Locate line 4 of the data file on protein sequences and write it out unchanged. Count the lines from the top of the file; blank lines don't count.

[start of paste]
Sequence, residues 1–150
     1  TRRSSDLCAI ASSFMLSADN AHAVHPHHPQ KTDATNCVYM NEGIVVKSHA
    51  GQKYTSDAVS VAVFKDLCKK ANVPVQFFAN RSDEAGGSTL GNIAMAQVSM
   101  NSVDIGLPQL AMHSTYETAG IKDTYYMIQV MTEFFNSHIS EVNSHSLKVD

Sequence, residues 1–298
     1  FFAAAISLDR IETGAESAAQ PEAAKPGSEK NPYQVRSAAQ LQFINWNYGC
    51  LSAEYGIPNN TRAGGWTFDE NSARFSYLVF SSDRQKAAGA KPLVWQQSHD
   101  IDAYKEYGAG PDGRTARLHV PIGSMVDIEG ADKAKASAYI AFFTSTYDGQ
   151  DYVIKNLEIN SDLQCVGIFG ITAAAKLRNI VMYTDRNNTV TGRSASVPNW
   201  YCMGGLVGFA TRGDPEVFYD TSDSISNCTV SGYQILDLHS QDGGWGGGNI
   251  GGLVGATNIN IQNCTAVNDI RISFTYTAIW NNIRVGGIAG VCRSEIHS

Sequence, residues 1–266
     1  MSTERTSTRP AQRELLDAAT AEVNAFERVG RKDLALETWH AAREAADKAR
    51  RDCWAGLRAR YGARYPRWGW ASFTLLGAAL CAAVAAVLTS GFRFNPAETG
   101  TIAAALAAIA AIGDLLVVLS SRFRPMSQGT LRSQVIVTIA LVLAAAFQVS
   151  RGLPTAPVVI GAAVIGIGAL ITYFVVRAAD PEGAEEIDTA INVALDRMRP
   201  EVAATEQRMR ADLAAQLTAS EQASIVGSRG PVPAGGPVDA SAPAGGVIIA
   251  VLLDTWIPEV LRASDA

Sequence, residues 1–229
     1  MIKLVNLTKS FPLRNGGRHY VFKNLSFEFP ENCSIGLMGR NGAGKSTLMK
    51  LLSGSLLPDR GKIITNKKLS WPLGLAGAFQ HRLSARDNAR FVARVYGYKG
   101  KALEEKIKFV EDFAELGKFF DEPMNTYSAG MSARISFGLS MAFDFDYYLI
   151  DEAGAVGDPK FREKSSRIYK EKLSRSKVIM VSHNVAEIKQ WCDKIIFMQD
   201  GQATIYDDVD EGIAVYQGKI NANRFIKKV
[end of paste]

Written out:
   101  NSVDIGLPQL AMHSTYETAG IKDTYYMIQV MTEFFNSHIS EVNSHSLKVD